The son of Roland Pertwee, a scriptwriter for Gainsborough, a cousin of Bill Pertwee, the loathsome Warden Hodges, and the father of Sean Pertwee, a versatile actor, Jon Pertwee – a Huguenot name originally: “Perthuis” – was born one hundred years ago, on July 7, 1919.
He was a gangling player, who never sought to shake off his broad music hall origins. He appeared on the bill at the Glasgow Empire with other grotesques such as Max Wall, and I have seen newsreel footage of charity cricket matches, where Pertwee did silly things with his balls and bats in the company of Tommy Cooper and Richard “Mr Pastry” Hearne.
As a young man, he resembled Danny Kaye – was mistaken for Kaye by autograph hunters. Indeed, in the film Knock on Wood (1953), it is Pertwee who doubled for the American star in long shots and the second-unit footage shot in London. Red-headed Pertwee, as Kaye, clambers over cars and flees from the villains, hand-in-hand with Mia Zetterling.
Pertwee also aped Kaye’s comic exaggerations and gibberish voice, especially on radio. Between 1959 and 1977, he appeared in 244 episodes of The Navy Lark, along with Leslie Phillips and Ronnie Barker. As the Chief Petty Officer, and innumerable other characters, including politically incorrect Indians, Pertwee gloried in the comedy about service incompetents.
He himself had had a good war. Pertwee served with Naval Intelligence, alongside (he claimed) Ian Fleming, “teaching commandos how to use escapology equipment, compasses in brass buttons, secret maps in white cotton handkerchiefs, pipes you could smoke but also fired a .22 bullet.” This would provide useful inspiration for Dr Who, with the character’s ingenious sonic screwdriver and deadly fountain pens.
Pertwee was the third Dr Who, taking over from Patrick Troughton in the Seventies. The performance was foppish in the extreme – almost transvestite – and involved a costume of chiffon scarves and velvet coats, smoking jackets, capes and ruffled shirts. Pertwee’s hair was a mauve rinse, immaculately coiffed. He drove a Mr Toad yellow vintage car.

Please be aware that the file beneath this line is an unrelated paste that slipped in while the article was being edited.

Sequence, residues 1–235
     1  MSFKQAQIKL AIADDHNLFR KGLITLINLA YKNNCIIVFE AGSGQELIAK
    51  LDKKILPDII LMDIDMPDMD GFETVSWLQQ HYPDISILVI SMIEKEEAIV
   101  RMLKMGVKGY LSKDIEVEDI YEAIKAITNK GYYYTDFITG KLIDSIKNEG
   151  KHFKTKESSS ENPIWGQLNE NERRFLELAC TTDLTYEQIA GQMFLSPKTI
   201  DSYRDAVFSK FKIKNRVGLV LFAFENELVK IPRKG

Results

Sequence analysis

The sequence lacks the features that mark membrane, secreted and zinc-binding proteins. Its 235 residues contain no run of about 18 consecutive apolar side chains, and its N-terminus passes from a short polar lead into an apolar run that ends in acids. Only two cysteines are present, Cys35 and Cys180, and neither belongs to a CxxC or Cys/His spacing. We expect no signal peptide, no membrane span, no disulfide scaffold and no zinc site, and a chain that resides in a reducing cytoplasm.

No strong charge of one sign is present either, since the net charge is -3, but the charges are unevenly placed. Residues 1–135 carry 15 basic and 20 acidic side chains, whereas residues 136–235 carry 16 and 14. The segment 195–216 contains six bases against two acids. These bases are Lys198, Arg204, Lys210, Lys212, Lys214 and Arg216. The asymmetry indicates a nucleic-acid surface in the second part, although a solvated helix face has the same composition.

This was the first season of the show to be broadcast in colour, which may explain the flamboyance. But the camp was counterbalanced by Pertwee’s understated interest in his frankly sexy helpmeets, Katy Manning and Sarah Jane Smith. In the Seventies, these would have been known as the crumpet – and for those of us who were teenagers at the time, forty years on they remain memorable, as they did the Doctor’s bidding, helping Earth overcome threats from tin-foil-and-rubber aliens, principally Roger Delgado’s evil mastermind, known as The Master.
Pertwee was replaced by Tom Baker, with his theatrical voice. Pertwee never severed links with the show, however, and carried on playing Dr Who on radio, in video links and at fans’ conventions. His catchphrase was “reverse the polarity of the neutron flow!” – as impressive as it was meaningless, as neutrons are subatomic particles with no electric charge.
Pertwee’s next big hit on television, in the Eighties, was about the scarecrow, Worzel Gummidge, in which his lanky frame was made up to resemble a parsnip. The series was filmed in Hampshire. Una Stubbs was the frigid skittle Aunt Sally. Barbara Windsor was Saucy Nancy. Further episodes were made in New Zealand, and the young Peter Jackson did the special effects. There was a musical in the West End, written by Keith Waterhouse. A record entitled Worzel Gummidge Sings reached number thirty-three in the charts in 1980.
Pertwee endured a long run on the London stage with There’s a Girl in My Soup. The role of the womanising celebrity chef was played by Peter Sellers, however, when the film adaptation was made by the Boultings. As regards his own film career, Pertwee is a soothsayer in Carry On Cleo and in 1978 he played a womble in Wombling Free, directed by Lionel Jeffries.
Apparently, David Croft had originally wanted Pertwee for Captain Mainwaring – a catastrophic idea. The Dad’s Army role is unimaginable without Arthur Lowe. Pertwee would also have clashed with Clive Dunn, who had a similar comic style – jerky, puppet-like, pantomimic, pretending to be older than his years.
Pertwee always had a lot of frantic energy and he remained essentially a children’s entertainer, I think. In 1972, he even made a novelty children’s album, Wonderful Children’s Songs, with June Whitfield, in which he sang “The Ugly Duckling”, from the Hans Andersen musical, made famous by Danny Kaye. He died in 1996, aged 76.
I myself saw him wrapped in bandages as Marley’s Ghost, with Anthony Newley as Scrooge and Stratford Johns as The Ghost of Christmas Past, in a Leslie Bricusse musical, which had somehow found its way to Oxford. Again, there was a good deal of business, general jiggling about, rattling the chains and the metal strong boxes. But Marley only appears on that one scene, early on. What a long time Pertwee had to wait in his dressing-room, I felt, before he could come on for the curtain call – two hours at least.